Things are so sleepy in the tax-filing sector with April 15 so far away that you probably didn't even know that Jackson Hewitt Tax Service (NYSE:JTX) was public. Indeed, the country's second-largest tax-preparation specialist behind H&R Block (NYSE:HRB) went public back in June. It was spun off by Cendant (NYSE:CD), and last night it posted its first quarterly results as a stand-alone entity.

It wasn't a bad showing once you recognize the seasonal aspects of the tax business. It posted a narrower loss of $0.30 a share on a 52% surge in revenue during its July quarter.

Like H&R Block, Jackson Hewitt has tried to smooth out the seasonality by broadening its services. However, Jackson Hewitt has played it closer to home. While H&R Block has gone through everything from online services to residential mortgages, its smaller rival has stuck to cashing in on refund-anticipation loans and extended warrantees.

H&R Block has been aggressive on the tax-filing software front to compete with market leader Intuit (NASDAQ:INTU), but Jackson seems content to keep its active franchise business going without necessarily empowering the end user.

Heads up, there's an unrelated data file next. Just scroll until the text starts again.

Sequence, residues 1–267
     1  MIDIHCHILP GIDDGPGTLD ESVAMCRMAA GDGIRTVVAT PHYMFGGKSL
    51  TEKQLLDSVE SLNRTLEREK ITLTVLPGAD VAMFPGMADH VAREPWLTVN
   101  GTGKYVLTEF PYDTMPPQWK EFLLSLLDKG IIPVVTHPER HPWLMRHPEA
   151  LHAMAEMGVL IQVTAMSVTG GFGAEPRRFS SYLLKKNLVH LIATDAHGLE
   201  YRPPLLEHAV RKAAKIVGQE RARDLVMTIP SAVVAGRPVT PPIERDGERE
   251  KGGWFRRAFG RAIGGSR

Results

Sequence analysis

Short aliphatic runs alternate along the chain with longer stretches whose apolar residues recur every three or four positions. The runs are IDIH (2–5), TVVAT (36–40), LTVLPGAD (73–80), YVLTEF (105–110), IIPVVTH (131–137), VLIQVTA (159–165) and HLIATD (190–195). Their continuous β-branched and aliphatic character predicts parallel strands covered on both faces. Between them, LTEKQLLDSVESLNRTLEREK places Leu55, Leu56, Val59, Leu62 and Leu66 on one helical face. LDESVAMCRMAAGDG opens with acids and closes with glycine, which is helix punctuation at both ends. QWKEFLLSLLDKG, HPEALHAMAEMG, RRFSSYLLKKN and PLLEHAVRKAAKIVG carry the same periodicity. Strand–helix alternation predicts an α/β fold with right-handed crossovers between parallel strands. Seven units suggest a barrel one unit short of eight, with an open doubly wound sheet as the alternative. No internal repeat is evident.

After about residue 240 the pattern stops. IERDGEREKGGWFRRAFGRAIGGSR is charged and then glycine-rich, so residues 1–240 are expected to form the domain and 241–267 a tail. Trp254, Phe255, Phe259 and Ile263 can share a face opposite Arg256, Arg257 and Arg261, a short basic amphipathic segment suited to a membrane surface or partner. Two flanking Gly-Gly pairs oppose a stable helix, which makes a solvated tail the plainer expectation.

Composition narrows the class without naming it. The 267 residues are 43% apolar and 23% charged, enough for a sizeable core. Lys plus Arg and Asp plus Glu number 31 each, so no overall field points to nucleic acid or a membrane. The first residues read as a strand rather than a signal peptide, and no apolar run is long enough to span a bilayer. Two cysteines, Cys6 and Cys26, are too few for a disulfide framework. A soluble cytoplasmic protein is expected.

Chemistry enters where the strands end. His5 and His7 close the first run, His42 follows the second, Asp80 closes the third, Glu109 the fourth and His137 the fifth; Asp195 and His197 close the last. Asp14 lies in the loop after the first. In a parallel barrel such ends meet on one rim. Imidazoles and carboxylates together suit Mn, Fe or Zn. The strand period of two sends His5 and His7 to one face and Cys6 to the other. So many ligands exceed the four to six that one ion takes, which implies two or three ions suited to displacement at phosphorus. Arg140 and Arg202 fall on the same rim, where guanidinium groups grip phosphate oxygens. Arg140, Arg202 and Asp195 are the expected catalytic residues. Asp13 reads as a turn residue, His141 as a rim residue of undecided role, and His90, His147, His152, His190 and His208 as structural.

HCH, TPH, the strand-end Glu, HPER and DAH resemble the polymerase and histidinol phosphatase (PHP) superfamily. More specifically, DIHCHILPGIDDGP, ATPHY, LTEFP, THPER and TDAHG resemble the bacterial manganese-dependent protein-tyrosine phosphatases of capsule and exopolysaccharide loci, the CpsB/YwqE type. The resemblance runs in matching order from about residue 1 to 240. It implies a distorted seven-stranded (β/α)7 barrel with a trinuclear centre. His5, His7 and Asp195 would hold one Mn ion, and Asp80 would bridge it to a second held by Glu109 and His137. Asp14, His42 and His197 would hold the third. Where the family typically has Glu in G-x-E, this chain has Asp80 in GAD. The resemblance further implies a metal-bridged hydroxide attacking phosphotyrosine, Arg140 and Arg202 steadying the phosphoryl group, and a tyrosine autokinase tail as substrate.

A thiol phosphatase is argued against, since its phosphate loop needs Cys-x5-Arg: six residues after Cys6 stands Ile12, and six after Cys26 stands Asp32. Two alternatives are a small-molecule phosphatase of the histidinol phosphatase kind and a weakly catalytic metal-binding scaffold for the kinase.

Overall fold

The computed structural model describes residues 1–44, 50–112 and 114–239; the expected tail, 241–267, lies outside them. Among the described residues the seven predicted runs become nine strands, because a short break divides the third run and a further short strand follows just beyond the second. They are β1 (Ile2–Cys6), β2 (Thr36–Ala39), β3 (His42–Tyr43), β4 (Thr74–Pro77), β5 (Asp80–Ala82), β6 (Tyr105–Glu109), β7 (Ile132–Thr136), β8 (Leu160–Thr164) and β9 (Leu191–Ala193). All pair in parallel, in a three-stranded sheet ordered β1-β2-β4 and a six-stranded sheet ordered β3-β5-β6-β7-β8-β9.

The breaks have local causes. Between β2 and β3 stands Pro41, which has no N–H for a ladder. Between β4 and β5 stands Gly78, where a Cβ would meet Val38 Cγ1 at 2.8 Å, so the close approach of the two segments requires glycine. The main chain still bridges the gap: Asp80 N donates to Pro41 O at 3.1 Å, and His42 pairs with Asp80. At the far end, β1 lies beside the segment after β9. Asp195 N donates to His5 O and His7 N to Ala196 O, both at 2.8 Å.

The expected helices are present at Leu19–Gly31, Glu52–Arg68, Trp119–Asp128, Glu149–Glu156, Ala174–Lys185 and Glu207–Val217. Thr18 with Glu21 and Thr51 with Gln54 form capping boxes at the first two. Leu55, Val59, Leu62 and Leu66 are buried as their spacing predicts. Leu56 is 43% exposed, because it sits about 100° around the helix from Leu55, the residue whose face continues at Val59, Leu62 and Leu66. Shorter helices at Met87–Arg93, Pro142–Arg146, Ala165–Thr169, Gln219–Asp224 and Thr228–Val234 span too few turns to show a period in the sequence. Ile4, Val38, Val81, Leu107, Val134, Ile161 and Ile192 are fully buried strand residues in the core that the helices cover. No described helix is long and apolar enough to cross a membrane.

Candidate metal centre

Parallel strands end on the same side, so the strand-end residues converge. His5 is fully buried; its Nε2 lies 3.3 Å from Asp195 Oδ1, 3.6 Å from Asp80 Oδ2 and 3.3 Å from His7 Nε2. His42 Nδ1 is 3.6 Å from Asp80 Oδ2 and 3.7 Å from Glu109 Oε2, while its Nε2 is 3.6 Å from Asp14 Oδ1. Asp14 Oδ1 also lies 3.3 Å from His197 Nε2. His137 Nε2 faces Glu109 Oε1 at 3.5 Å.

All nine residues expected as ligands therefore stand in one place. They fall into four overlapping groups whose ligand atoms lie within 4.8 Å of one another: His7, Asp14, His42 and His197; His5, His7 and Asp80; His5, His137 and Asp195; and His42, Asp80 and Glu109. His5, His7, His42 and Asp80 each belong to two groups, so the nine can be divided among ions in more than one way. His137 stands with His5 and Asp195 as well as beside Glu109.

That may be a lucrative strategy, but with places such as our own Tax Center bringing consumers up to speed with tax-filing know-how, one has to wonder whether Jackson Hewitt being spun off in the first place wasn't a tactical move to allow the company the flexibility to fight aggressively in new potential markets.

While our Income Investor readers may appreciate that the freshly minted public company is paying out a 1.5% dividend out of the gate, shareholders will expect plenty of the liberated appendage. Growing the top line at a healthy pace is a great start. Let's just see whether it can keep it up when the April quarter of 2005 rolls around.

Do you rely on a tax pro like Jackson Hewitt or H&R Block to help you file your personal return, or do you go it alone? Is it too early or too late to start on tax-saving moves for 2004? All this and more in the Tax Strategies discussion board. Only on

Longtime Fool contributor Rick Munarriz forks over his taxes gladly. However, he does not own shares in any company mentioned in this story.